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Goosing for the future down by Chimney Rock

Dogs retrieving a goose
Larry Olson’s 9-year-old yellow Lab Izzy retrieves a goose while puppy Roxie tags along. (NEBRASKAland/Justin Haag)

The calendar tells me that today is World Wetlands Day so it seems appropriate to thank those who work to conserve the lands that waterfowl and so many other species depend upon for survival.

Throughout the world, conservation-minded volunteers devote time and resources toward the preservation of wildlife and the lands they inhabit. Many of them channel their energy through conservation organizations, of which the recognized leader for wetlands is Ducks Unlimited.

One such person is Larry Olson of Crawford, a Sidney native who recently retired as a mail carrier in Chadron. Olson has long been known as one of the Panhandle’s most ardent hunters and anglers and now serves as chairman of the Pine Ridge chapter of Ducks Unlimited. This winter, as with most, he has also been busy with one of his greatest passions – waterfowl hunting in his leased pit along the North Platte Valley in eastern Scotts Bluff County.

Larry Olson with goose call
Larry Olson works a goose call. (NEBRASKAland/Justin Haag)

Olson jokes that he spent “only” 32 days in the goose pit this season. Not too shabby, considering he makes a 90-plus mile drive from Crawford each time he does it.

Perhaps most remarkable about Olson’s hunting, though, is the number of people he has given the goose-hunting experience. According to the hunter’s log, there have been 54 other people accompany him in his pit just this season, free of charge.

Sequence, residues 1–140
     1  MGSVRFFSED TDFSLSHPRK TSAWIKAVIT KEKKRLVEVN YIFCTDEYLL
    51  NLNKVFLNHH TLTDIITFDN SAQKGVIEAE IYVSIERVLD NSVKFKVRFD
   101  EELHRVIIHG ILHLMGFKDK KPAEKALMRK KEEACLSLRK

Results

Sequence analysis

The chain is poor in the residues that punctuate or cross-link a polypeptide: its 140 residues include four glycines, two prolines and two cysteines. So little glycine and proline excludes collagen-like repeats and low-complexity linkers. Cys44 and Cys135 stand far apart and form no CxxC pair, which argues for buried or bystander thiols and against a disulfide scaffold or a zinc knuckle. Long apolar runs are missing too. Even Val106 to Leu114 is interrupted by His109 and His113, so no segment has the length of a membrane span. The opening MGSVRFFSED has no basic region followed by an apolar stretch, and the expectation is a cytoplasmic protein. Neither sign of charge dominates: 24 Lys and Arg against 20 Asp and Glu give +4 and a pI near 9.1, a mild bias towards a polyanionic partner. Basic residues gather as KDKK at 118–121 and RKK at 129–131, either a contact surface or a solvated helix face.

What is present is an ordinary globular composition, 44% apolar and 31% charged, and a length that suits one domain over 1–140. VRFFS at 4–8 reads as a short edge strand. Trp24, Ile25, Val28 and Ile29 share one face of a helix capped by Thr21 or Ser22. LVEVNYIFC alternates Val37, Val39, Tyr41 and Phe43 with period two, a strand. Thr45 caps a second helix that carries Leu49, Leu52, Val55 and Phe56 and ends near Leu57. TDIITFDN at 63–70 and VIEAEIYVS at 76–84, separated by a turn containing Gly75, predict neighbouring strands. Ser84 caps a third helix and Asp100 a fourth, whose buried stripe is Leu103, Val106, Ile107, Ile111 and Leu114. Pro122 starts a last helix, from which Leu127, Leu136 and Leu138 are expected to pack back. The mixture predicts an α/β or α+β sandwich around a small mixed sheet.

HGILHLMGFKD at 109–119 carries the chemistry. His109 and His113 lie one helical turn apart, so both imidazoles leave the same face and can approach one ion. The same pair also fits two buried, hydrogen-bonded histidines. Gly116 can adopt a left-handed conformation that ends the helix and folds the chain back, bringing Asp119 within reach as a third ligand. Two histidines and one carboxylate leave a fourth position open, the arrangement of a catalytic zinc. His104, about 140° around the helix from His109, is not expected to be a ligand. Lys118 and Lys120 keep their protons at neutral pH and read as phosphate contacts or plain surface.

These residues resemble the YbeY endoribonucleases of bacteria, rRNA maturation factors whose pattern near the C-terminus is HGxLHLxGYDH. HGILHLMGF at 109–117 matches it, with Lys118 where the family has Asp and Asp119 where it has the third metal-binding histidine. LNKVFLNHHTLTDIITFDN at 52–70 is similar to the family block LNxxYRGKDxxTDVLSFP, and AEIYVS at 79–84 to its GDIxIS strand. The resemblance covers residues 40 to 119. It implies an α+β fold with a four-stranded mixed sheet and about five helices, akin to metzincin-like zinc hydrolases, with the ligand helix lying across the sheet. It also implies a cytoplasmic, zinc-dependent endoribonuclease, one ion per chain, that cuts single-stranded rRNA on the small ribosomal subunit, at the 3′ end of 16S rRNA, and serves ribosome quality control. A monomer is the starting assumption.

“I like to give the experience of goose hunting to people who otherwise wouldn’t be able to go,” Olson said. “Some people can’t pay a lot of money to do this sort of thing and I like to give them the opportunity.”

My son, Sawyer, and I were excited to accept Olson’s invitation to hunt there last weekend. It was Sawyer’s first experience hunting from a goose blind and I cannot think of a better place to do it.

“Big group, flying low from Chimney Rock,” is one example of phrases Olson used as he worked his calls to bring geese within shooting distance. Can a goose-hunting experience get much more “Nebraska” than that?

Sawyer, 14, said he was amazed at the way birds came into the blind, his wide eyes reminding me of my first goose-hunting experience near Lisco in the late 1990s. “The way they came in was exhilarating,” he said.

An overcast sky and stiff north wind aided our mission most of the day and we managed to bag our limits, providing ample work for Olson’s 9-year-old Labrador retriever Izzy as Olson’s new recruit, 4-month-old Roxie, tagged alongside her.

I love the taste of Canada goose and cannot wait to make jerky and other treats from that meat.

Sawyer is now among about 35 people who have shot their first honkers at that location under Olson’s guidance. On top of that, the veteran hunter said he has led many more first-timers at other locations.

Olson has been busy working with other volunteers to plan the Pine Ridge chapter’s annual banquet Feb. 17 in Chadron, one of many such events across the state and nation that will raise money important to conserving waterfowl.

Perhaps Olson’s greatest contribution to the future of our wetlands and hunting heritage is the investment he has made at that goose pit, though. Based on the great time had there, I know of one young hunter who will likely become a future investor in Federal Duck Stamps. While doing so, he will surely remember “that first time at Larry’s pit.”

Chimney Rock and goose pit
The evening sun casts light on Chimney Rock as it stands above Larry Olson’s goose pit in the North Platte Valley. (NEBRASKAland/Justin Haag)

About Justin Haag

Justin Haag has served the Commission as a public information officer in the Panhandle since 2013. His duties include serving as regional editor for NEBRASKAland Magazine. Haag was raised in southwestern Nebraska, where he developed a love for fishing, hunting and other outdoor pursuits. After earning a bachelor’s degree in journalism from Chadron State College in 1996, he worked four years as an editor and reporter at newspapers in Chadron and McCook. Prior to joining the Commission in 2013, he worked 12 years as a communicator at Chadron State, serving as the institution’s media and public relations coordinator the last five. He and his wife, Cricket, live in Chadron, and have two children.

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